Hawaiian is the way to go if not using cotton! Cheap, light, effective, the stink washes off easy and dries fast, so you can have a fresh shirt every day. But you do need sunscreen for both cotton and many synthetics.

3:33 p.m. on August 18, 2010 (EDT)
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What is the material that trhe hawaiian shirts are made of?

7:46 p.m. on August 19, 2010 (EDT)
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What is the material that trhe hawaiian shirts are made of?

If you have to ask, Brad, then you are getting the wrong shirts! Mine don’t even have a content label. Probably not legal (no material content tag), but as I said, I buy the really cheap $9 models. I get them at the local chain drug store. The cooling effect is very close to cotton, but the evaporative efficiency is typical of a performance wicking synthetic fabric, making it good for next to skin layer in hot or cold. Thus a suitable garment for both high Sierra and Joshua Tree outings. The stink index is average for the synthetic category, but since the fabric dries so quick, you can wash the shirt after a hard day on the trail, and have it fresh and ready the next morning. Besides, nothing beats that snappy over-the-top tourist look, sporting orchids amid the snow caps or cacti.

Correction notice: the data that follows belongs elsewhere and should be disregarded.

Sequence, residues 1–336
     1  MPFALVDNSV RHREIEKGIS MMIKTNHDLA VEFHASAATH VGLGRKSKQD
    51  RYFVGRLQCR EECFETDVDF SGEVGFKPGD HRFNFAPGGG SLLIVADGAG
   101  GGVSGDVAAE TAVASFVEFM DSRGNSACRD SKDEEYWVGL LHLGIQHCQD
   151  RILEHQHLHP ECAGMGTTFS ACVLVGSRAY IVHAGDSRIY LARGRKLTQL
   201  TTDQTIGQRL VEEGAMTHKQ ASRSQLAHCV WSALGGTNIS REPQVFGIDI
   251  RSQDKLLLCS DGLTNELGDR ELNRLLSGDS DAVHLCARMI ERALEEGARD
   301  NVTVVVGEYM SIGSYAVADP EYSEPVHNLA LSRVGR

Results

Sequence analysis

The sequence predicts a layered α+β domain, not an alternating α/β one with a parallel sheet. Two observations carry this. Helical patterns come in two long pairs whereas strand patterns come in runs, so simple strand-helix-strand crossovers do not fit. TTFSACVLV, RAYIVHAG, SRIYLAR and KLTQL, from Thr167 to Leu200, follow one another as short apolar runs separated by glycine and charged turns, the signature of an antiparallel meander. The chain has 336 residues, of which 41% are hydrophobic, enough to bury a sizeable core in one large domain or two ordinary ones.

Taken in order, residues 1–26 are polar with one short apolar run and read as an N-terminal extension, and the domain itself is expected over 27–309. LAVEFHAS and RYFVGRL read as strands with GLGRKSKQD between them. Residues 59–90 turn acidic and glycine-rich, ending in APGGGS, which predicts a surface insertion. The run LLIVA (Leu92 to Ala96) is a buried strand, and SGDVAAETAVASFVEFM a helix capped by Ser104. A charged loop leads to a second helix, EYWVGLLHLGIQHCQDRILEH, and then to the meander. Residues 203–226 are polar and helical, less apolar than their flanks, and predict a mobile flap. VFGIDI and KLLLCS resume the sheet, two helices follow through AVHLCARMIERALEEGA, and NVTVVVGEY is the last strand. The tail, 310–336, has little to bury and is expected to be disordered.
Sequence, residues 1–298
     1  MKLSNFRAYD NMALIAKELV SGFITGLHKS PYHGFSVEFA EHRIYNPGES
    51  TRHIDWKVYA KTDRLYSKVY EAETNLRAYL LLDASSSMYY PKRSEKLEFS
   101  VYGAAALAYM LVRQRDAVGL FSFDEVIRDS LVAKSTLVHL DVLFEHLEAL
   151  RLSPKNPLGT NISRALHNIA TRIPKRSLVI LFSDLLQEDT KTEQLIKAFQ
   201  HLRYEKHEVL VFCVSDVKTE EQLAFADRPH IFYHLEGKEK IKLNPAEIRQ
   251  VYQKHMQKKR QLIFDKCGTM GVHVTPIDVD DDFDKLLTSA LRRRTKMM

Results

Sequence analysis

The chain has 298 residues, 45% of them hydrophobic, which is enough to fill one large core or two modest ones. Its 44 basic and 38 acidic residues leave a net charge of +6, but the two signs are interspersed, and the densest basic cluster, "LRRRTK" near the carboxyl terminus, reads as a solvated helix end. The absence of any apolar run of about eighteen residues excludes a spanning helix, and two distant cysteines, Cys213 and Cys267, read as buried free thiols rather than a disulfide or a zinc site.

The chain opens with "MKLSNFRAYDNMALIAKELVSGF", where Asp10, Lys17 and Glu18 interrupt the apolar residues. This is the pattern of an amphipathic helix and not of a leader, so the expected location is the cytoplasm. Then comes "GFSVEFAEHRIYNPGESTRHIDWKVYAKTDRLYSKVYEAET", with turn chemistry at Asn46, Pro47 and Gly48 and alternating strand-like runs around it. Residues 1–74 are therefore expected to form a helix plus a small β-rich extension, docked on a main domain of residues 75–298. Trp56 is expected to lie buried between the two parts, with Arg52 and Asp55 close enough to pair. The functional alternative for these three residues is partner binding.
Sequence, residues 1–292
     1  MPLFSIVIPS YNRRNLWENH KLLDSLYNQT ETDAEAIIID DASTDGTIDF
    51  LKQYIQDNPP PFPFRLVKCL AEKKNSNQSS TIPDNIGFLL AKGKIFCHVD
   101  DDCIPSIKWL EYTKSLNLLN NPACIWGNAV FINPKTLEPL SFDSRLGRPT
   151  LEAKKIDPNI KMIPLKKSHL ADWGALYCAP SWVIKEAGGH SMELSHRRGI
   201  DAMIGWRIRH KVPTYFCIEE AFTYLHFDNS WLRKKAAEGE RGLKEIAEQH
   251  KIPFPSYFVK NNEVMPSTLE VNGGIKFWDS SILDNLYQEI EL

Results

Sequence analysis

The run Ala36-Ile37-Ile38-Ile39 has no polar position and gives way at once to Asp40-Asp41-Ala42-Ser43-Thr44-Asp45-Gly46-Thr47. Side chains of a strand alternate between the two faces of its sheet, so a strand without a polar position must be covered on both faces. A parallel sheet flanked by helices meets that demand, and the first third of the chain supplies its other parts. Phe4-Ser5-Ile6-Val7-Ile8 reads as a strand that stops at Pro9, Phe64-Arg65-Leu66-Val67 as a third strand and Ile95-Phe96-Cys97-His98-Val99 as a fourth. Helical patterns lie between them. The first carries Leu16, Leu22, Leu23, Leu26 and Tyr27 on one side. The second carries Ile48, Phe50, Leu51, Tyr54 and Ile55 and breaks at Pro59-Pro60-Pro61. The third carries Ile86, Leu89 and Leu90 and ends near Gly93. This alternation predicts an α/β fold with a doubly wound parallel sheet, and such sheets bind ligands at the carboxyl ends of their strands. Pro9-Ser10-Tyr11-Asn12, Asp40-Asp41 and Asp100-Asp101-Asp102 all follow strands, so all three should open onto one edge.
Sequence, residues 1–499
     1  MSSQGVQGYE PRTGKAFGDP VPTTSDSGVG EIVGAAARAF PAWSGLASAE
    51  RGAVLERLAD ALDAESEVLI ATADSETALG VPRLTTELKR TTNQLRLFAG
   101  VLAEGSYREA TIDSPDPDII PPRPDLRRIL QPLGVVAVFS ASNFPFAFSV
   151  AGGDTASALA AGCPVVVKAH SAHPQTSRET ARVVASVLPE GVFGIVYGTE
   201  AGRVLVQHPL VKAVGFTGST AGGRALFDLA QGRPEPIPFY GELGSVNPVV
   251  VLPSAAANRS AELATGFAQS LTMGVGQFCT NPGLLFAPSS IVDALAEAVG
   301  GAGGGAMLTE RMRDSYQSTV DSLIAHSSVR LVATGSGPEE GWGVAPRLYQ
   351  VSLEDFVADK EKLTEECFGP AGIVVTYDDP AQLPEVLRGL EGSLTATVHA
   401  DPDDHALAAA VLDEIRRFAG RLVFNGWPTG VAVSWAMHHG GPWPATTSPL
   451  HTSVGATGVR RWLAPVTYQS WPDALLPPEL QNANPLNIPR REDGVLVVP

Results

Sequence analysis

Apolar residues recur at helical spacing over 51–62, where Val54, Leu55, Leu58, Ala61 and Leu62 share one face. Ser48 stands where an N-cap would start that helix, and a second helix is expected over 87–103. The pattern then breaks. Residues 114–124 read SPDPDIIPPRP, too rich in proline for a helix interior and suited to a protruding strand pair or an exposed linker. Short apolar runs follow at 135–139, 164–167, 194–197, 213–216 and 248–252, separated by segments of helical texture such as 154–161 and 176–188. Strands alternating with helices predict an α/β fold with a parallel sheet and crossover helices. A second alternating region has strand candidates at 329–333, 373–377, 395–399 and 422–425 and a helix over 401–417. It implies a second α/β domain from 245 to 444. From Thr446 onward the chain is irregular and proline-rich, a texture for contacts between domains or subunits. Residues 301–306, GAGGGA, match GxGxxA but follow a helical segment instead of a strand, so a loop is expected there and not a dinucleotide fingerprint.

Ed

7:40 a.m. on August 20, 2010 (EDT)
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What is the material that the Hawaiian shirts are made of?

My original shirts - from Hawaii- are either cotton, or rayon. Silk is very popular and recently, bamboo has made an appearance as well.

Check out Hilo Hattie for a great selection.

9:31 a.m. on August 22, 2010 (EDT)
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Thanks for all the info guys but I like the insect and sun protection ability of a long sleeve and also the dual pockets.

5:25 p.m. on August 22, 2010 (EDT)
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If I can momentarily take over your thread, do any of you guys ever where short sleeves outside? For bushwacking or just sun? Are long sleeves basically superior in all conditions?

3:55 a.m. on August 23, 2010 (EDT)
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I wear long sleeves only for cold, and deer or black flies; otherwise it's short sleeves and sunscreen for me.
Ed

1:04 p.m. on August 23, 2010 (EDT)